Saturday, October 01, 2011

Hurricane Ophelia and Tropical Storm Philippe: October 1, Update A

Welcome to October… only another TWO months of the hurricane season left to go! Ha.

Hurricane Ophelia
Officially she is at 29.5N, 62.9W, heading N at 21mph. Winds are still 120mph, so she’s a mid-level cat 3 storm (range: 111-130mph) and the central pressure is 952mb. It looks like she’s far enough to the east of Bermuda that they won’t get any hurricane level winds (74 mph or higher), but they will get tropical storm conditions. It looks like they have already had some rain from a rain band (according to satellite images). Hurricane force winds extend out to about 40 miles from the center.

I agree with the NHC on her forecast track:

Although she has a lovely eye (satellite images below) and excellent circulation, the convection is pretty low for a cat 3 as you can see in the IR satellite image (there is none of that really strong red or grey colouring that indicate really tall thunder clouds/deep convection), so it is possible she might actually be strong cat 2.

Last night the most important thing on Steve’s mind was: “ the Australian Rules Football grand final. Starts in about 3/4 hour. Collingwood play Geelong.” Sounds er… fascinating. ;-)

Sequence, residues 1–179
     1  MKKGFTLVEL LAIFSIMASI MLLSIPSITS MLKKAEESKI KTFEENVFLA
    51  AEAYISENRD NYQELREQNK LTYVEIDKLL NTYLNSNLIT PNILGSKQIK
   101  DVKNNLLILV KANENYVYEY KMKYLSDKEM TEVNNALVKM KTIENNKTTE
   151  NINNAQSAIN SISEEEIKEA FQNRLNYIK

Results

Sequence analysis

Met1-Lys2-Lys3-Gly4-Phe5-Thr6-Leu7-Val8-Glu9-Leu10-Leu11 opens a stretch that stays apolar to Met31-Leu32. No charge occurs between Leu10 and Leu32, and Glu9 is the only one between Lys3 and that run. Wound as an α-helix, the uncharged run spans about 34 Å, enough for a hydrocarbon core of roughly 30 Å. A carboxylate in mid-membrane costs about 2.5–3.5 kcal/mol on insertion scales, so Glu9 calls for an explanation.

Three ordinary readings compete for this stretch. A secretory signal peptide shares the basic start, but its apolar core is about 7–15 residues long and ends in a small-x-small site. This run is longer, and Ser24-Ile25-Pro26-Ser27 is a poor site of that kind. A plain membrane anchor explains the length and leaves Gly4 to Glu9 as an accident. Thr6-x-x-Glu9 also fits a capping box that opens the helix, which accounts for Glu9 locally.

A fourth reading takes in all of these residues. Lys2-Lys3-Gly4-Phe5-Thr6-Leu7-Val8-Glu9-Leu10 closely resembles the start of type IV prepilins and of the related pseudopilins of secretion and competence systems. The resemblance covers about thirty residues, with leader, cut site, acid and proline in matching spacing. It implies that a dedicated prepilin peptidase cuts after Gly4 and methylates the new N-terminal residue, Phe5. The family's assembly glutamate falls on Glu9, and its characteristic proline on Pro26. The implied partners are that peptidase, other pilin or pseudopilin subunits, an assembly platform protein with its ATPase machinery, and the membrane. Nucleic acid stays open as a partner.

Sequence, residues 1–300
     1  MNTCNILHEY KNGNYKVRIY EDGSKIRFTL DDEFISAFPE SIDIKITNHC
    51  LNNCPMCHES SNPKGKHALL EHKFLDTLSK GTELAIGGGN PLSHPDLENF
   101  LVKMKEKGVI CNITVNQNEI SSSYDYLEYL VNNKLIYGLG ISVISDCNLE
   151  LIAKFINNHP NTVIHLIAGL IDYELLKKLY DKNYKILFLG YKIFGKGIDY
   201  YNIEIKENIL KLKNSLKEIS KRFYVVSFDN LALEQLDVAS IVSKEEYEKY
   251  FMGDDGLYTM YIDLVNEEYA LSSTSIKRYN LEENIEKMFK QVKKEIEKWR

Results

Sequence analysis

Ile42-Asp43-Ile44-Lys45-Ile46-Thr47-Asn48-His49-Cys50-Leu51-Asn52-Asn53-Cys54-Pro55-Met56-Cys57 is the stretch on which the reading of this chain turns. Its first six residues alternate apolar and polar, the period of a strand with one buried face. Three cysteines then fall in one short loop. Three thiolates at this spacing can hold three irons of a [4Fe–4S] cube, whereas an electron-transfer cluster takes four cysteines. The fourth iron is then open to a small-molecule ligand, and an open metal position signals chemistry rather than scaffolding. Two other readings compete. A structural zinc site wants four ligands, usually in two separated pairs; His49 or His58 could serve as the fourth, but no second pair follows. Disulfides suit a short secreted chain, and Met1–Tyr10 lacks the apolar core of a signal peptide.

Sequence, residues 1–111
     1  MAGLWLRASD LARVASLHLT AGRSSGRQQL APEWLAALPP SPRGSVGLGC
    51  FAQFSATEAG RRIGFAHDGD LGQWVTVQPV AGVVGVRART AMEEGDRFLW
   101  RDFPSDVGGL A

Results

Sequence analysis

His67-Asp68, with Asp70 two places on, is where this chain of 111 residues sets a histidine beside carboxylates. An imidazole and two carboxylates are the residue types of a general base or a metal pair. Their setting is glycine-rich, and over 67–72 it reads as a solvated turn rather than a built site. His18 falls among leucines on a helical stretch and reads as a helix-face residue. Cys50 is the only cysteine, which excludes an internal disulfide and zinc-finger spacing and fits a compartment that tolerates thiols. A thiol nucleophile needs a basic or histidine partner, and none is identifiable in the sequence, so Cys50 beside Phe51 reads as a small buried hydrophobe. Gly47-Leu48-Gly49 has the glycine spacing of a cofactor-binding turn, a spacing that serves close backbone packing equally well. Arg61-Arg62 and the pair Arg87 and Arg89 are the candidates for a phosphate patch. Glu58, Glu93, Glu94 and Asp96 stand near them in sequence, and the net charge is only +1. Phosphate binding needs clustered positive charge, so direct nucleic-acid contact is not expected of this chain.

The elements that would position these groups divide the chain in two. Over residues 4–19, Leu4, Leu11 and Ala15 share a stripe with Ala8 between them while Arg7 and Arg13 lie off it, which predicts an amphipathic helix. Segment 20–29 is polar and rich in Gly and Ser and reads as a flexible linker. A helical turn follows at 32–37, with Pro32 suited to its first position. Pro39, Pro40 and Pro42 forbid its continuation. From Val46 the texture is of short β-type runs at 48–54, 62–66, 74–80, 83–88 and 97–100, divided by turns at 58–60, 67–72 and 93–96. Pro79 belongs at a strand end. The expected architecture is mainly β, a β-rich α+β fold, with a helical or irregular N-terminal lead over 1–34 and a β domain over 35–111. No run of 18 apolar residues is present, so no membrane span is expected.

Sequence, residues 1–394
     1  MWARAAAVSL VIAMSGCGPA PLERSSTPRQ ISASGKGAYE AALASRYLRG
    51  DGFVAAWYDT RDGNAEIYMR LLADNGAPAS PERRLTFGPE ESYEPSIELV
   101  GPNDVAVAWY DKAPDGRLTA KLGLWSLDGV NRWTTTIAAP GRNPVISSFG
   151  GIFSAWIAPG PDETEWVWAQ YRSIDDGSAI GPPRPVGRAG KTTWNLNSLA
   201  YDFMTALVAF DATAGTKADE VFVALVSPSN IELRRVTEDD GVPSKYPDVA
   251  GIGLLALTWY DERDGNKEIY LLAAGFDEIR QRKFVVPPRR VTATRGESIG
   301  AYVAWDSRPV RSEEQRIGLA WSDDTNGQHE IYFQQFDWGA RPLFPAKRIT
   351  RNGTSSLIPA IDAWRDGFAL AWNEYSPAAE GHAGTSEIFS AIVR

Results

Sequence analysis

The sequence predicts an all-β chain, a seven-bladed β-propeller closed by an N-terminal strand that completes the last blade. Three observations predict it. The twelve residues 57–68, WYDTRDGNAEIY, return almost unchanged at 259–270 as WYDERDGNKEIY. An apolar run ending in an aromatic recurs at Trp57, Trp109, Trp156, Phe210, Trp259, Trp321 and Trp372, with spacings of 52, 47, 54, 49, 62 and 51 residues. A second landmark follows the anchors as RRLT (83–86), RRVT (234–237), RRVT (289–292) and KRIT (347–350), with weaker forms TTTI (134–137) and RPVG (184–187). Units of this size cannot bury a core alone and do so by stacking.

Tropical Storm Philippe
Officially he is at 24.8N, 48W, moving WNW at 9mph. Winds are still estimated to be 50mph, with an estimated central pressure of 1004mb. You’ll be pleased to know his official location today passes my quality controls, so I agree with the NHC on that. J I think he might be a tad weaker than 50mph, but it still means he is a weak Tropical Storm, so that’s all groovy.

His forecast track looks very silly at the moment, with an acute right turn in his track on Tuesday:

As I said yesterday, this is because the models are essentially basing this on him heading towards the largest low out there… Ophelia. There is a physical reason to do this and it’s not just a whimsical quirk of the models; It is because she will erode the high pressure he is stuck in. I don’t have the ability at the moment to say how much and how effective that will be by Tuesday, so for now, we’ll just keep watching him struggle to keep going. Although water temperatures are a lovely 29 deg C, and Philippe has more warm water under the ocean he is hanging out over than Ophelia does, he is facing considerable more wind shear in the atmosphere than she is, which is why he is struggling.

That’s it for now. More later!

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DISCLAIMER: These remarks are just what I think/see regarding tropical storms - not the opinion of any organization I represent. If you are making an evacuation decision, please heed your local emergency management and the National Hurricane Center's official forecast and the National Weather Service announcements. This is not an official forecast. If I "run away, run away" (Monty Python), I'll let you know.

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